This is my fear for Sasheer (I’ll probably post on this more later), but it’s also a problem in other Affirmative Action environments, like schools, etc. There is a lot of fear when being a black student at an expensive, possibly Ivy-league (/quality) school, that the other kids will look down on you because they see you as less intelligent. You got into the school because you are [black, Indian, Asian, etc], not because you “belong” there. And sometimes, when you feel overwhelmed in those environments, you have no one to talk to about it, because then it seems like you really don’t belong there (when in fact everyone feels the same way).

But in practice, the diversity hires are traditionally seen as slightly lower than plain old staff writers. The showrunner had to really want the staff writer there to be willing to part with $70,000 that could be spent on production or a different writer, whereas the diversity staff writer was a free gift from the network.

Like I said, kind of like an intern.

“Do you want to be writing partners? This white male writer not in a partnership thing isn’t working out.” “Listen, you’re both good writers, but he needs you more than you need him. He’s never read you before—he just wants an easier shot of getting staffed, because you’re diverse.”

I feel like this has come up in my life or the lives of my Friends of Color. Where someone attaches on to you because, “you’re black, they’ll let you in because they have to.” I don’t have a specific example, but it’s always strange to think of times when you have more possibility of doing something because you’re a person of color, since usually it’s (/you fear) the opposite. OR, as the article sort of talks around, people look down on you because you got in because you were diverse, but once you’re in, it’s a whole ‘nother set of issues.

“You know, you’re just like that girl from The Office. You could be the next Mindy Kaling!”

Whenever I mention my love of TV and desire to write for it, everyone says, “You could be the next Shonda Rhimes!” Which is cool, I admire Shonda for all that she’s done, but why can’t I be the next… Joss Whedon (another show runner I admire—Agents of SHIELD notwithstanding…) or Aaron Sorkin (without the drug problem).  When it comes from other black people, I think it’s really just them wanting my name to be with hers (or something along those lines, my thought on this isn’t fully formed), but the fact that it comes from everyone who you mention it to… A friend of mine is a black actress who is producing a web series, so everyone says, “You could be the next Issa Rae!” As Beejoli mentions, it’s stuffing us in a “racial box.” She quotes Mindy Kaling herself, who said: “I feel like I can go head-to-head with the best white, male comedy writers that are out there. Why would I want to self-categorize myself into a smaller group than I’m able to compete in?”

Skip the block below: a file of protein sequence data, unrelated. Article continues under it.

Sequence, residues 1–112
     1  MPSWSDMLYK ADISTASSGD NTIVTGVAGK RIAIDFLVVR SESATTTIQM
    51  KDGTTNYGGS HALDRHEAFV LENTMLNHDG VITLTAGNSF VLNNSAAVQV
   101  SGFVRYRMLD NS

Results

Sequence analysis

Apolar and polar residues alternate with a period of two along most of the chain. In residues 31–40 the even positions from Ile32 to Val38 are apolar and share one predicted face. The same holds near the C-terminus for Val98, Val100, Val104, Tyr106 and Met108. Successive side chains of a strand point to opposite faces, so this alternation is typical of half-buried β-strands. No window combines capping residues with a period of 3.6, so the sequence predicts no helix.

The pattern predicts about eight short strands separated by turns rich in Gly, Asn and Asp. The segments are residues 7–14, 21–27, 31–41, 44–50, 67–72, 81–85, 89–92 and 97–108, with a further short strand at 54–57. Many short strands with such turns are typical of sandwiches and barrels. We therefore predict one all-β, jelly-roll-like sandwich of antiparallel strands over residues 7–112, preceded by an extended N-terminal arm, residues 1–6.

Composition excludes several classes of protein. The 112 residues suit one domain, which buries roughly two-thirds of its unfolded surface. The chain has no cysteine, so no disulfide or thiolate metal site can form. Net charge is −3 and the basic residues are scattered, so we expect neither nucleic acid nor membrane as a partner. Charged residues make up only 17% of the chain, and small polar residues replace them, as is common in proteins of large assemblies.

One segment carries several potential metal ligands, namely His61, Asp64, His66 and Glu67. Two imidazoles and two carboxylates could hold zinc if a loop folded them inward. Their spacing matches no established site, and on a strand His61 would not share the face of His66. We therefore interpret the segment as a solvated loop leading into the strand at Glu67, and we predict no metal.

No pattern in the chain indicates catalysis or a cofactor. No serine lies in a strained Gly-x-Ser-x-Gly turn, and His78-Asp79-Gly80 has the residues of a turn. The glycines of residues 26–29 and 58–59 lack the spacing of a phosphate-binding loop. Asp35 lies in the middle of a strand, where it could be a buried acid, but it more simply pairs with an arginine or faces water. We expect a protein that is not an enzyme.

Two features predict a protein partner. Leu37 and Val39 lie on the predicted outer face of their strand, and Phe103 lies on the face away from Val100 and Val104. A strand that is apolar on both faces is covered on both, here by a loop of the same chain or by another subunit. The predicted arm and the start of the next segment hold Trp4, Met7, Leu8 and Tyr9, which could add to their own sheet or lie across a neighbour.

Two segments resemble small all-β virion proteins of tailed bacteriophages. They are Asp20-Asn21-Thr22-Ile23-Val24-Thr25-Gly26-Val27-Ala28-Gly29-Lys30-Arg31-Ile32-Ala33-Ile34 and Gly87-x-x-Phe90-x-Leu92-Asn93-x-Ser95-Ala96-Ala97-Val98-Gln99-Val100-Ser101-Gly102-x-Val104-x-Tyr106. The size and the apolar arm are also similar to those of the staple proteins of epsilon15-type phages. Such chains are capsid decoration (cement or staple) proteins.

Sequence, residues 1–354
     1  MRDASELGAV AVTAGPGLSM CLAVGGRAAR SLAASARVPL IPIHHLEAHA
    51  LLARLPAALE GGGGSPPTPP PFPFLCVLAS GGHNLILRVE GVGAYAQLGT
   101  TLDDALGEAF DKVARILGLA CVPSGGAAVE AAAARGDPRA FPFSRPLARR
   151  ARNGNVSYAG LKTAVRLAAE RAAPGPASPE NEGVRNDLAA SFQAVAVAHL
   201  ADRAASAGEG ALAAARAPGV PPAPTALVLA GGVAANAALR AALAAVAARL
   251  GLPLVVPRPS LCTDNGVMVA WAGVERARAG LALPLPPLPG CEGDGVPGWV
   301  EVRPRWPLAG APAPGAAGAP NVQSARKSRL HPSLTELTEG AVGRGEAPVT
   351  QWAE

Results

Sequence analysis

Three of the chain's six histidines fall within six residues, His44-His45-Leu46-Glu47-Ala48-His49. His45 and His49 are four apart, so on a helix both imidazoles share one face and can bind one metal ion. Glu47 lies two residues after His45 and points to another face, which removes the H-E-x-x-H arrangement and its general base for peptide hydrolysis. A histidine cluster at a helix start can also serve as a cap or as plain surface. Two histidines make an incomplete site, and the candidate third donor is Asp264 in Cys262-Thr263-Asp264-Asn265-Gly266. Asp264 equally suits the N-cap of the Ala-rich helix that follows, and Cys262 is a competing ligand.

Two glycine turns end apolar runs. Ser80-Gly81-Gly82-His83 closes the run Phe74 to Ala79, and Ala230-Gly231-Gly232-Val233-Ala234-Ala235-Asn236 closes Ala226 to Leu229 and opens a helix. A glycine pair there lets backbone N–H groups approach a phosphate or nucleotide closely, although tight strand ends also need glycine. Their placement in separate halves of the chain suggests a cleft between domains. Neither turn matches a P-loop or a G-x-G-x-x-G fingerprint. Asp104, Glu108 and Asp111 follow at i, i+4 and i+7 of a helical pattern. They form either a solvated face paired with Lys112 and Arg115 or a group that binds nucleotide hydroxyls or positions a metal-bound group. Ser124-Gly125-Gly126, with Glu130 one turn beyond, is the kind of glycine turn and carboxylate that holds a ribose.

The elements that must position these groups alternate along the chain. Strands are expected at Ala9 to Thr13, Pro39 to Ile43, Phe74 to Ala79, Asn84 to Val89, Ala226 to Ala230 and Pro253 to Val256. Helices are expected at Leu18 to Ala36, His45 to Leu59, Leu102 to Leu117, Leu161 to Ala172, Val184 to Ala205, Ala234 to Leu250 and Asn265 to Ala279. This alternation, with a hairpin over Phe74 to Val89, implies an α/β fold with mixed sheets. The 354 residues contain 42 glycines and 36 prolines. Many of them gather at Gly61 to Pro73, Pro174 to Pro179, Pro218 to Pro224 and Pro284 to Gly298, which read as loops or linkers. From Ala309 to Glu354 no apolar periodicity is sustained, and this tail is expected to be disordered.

I was also starting to think of myself as only a diversity writer. I’ve lost count of the number of times I’ve called my agents to tell them that I heard there’s a diversity position open on a show.

This has been so relevant to my thought processes. When thinking about writing (because I need to sit down and actually do more of it…), I’ve gone from saying, “I should write for [insert show with predominantly white cast/writers]” to “I should watch more black produced shows so I can write specs for those.” And while this is certainly something I should do, because part of my desire to write is to create more content for black people to watch on television, I shouldn’t have to feel like I could only write for the next The Cosby Show or Fresh Prince. And it’s poisonous to think you should only write for diverse groups and then “move up” to, say, network television.